It is worth remembering that Okinawa is the site of the only land battle in Japan during WWII. About 150,000 Okinawan civilians lost their lives from the attacks by the US military and by Japanese Imperial Army that forced the residents to commit suicide rather than surrender. Many protesters of the military bases are survivors of the war.

The ongoing, organized protests at Henoko Bay and in Hidashi Village in have effectively delayed construction on those sites. Moreover, Okinawan voters made Henoko a campaign issue in the 2009 national elections in Japan that brought a new coalition government into power. …

The delay has caused great aggravation for the US government. Secretary of State Clinton and Secretary of Defense Gates have made it clear that the US expects the 2006 agreement to go forward.

By Peter Symonds:

New Japanese prime minister installed

8 June 2010

Naoto Kan is to be formally installed today as Japan’s prime minister following the resignation of Yukio Hatoyama last Wednesday. Support for the Democratic Party of Japan (DPJ) led government had slumped to less than 20 percent just nine months after the Democrats ended more than half a century of virtually unbroken rule by the conservative Liberal Democratic Party (LDP).

Kan became party leader, and thus next prime minister, in a vote on Friday, winning by 291 to 129. He now faces the task of trying to revive the DPJ’s fortunes before key upper house elections next month. In doing so, however, he confronts the same basic dilemma as his predecessor—how to implement policies that are unpopular among wide layers of voters.

The issue that prompted Hatoyama’s resignation was his decision to reverse the DPJ’s election promise to move the US Futenma Marine Corps airbase out of Okinawa. Hatoyama had pledged to renegotiate a 2006 agreement reached with Washington to move the base within Okinawa, but reneged last month in the face of US intransigence.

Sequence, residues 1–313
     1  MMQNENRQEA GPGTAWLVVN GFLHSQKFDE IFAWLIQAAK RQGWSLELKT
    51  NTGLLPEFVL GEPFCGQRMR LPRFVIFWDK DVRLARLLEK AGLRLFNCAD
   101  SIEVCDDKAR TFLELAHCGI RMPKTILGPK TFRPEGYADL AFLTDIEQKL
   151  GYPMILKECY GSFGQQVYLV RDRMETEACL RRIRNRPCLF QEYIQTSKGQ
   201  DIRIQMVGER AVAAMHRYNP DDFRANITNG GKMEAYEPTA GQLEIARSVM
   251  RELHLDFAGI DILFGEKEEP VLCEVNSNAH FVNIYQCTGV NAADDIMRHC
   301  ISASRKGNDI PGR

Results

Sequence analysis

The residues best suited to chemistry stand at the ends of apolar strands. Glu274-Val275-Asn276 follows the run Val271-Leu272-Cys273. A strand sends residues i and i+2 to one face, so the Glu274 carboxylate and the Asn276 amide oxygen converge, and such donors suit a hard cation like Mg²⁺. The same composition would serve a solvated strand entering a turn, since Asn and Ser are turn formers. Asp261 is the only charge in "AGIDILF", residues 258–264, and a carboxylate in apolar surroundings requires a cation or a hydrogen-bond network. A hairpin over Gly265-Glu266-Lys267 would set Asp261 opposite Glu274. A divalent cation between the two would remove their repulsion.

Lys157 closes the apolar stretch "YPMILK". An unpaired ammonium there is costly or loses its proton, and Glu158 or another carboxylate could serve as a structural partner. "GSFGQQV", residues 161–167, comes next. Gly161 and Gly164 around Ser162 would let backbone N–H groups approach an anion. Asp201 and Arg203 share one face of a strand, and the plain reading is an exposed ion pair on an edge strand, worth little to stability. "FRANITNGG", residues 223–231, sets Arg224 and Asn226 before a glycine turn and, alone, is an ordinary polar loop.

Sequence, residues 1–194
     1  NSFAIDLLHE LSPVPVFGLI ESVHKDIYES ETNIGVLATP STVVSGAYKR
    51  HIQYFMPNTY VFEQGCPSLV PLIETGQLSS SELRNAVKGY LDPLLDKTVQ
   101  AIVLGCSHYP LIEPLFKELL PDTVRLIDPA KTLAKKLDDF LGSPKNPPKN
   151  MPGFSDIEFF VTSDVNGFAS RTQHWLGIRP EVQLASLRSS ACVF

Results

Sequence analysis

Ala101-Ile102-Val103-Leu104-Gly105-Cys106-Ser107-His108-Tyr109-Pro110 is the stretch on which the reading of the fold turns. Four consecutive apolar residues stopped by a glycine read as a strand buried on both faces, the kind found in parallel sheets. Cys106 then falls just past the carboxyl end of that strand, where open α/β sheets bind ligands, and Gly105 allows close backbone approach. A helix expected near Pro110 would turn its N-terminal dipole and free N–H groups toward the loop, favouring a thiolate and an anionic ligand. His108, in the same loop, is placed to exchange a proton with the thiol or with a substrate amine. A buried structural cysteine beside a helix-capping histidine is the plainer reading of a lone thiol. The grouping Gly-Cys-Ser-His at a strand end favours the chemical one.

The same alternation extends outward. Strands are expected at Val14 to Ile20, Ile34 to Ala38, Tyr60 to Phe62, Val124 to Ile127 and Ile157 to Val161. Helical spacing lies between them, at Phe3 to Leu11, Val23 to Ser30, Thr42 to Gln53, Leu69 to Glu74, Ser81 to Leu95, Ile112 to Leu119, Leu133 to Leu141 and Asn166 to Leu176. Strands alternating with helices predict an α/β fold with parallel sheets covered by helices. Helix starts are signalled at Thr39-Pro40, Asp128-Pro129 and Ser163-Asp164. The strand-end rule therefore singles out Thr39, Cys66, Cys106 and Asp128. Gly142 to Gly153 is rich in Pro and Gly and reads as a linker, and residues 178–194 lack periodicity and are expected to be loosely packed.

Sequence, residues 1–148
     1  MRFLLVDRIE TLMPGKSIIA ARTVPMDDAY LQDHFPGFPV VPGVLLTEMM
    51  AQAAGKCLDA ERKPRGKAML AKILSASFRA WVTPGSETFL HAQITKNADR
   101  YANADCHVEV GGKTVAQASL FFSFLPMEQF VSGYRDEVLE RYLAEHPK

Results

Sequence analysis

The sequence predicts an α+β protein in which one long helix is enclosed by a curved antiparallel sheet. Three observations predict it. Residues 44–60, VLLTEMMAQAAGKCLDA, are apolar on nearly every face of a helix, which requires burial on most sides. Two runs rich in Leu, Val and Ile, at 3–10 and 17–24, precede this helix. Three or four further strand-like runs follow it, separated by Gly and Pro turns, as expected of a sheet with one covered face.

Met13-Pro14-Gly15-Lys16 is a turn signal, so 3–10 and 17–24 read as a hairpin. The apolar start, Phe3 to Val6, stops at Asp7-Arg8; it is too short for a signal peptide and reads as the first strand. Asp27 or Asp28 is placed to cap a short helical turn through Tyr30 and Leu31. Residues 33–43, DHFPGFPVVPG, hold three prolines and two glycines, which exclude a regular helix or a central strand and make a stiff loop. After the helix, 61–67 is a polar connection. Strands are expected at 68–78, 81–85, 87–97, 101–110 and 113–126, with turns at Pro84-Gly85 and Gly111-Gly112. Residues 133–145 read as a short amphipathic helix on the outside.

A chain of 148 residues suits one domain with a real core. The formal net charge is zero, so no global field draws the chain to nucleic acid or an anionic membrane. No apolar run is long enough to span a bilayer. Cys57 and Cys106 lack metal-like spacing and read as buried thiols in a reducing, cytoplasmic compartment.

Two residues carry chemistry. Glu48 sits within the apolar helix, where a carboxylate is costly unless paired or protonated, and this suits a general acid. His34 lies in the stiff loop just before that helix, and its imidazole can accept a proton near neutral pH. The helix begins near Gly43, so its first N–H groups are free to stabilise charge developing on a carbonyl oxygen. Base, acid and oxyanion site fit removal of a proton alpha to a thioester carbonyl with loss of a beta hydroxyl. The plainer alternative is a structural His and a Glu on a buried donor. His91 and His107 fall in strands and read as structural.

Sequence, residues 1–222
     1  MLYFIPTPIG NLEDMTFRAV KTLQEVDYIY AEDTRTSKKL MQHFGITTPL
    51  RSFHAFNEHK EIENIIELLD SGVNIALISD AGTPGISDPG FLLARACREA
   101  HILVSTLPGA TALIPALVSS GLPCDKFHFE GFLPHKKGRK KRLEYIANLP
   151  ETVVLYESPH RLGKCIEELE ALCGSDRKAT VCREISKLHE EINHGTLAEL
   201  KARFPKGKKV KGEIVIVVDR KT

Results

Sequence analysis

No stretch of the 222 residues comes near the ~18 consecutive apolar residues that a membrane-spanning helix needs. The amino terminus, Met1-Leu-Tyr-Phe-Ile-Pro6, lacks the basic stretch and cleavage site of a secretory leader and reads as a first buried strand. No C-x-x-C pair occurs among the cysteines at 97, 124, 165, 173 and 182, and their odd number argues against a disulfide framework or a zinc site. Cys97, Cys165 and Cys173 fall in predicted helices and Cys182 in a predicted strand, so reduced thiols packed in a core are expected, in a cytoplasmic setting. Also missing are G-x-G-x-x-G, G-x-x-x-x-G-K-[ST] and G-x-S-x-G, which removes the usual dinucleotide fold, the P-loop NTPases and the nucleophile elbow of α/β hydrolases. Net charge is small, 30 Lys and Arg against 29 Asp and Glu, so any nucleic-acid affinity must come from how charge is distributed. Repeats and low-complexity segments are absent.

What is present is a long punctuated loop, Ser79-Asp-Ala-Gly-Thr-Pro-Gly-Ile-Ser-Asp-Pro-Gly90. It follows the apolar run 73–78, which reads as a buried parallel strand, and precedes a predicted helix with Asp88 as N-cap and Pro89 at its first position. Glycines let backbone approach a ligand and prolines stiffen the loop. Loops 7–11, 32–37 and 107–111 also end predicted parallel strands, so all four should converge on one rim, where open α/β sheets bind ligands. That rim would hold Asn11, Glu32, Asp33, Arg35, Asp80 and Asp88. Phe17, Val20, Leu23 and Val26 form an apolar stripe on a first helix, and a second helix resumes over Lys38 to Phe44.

Hatoyama’s backdown not only provoked opposition on Okinawa, where the US military presence is deeply resented, but more broadly throughout Japan. During the campaign for last August’s election, Hatoyama sought to capitalise on widespread hostility to Japan’s support for US militarism in Iraq and Afghanistan by promising to establish a more equal partnership with Washington.

Huge protests demand U.S. leave Okinawa air base: here.

US-Japanese relations faced their greatest crisis since World War II this week in 1960 over a scheduled visit by US President Dwight Eisenhower, which came soon after the approval of a security pact that was widely opposed among Japanese workers and youth: here.

4 thoughts on “Japan’s new prime minister

  1. Pingback: Japanese disasters, social, not just natural | Dear Kitty. Some blog

  2. Pingback: Anti-nuclear protests in Japan | Dear Kitty. Some blog

  3. Pingback: Japanese islanders against unsafe military aircraft | Dear Kitty. Some blog

  4. Pingback: Japanese protest against post-Fukushima nuclear restart | Dear Kitty. Some blog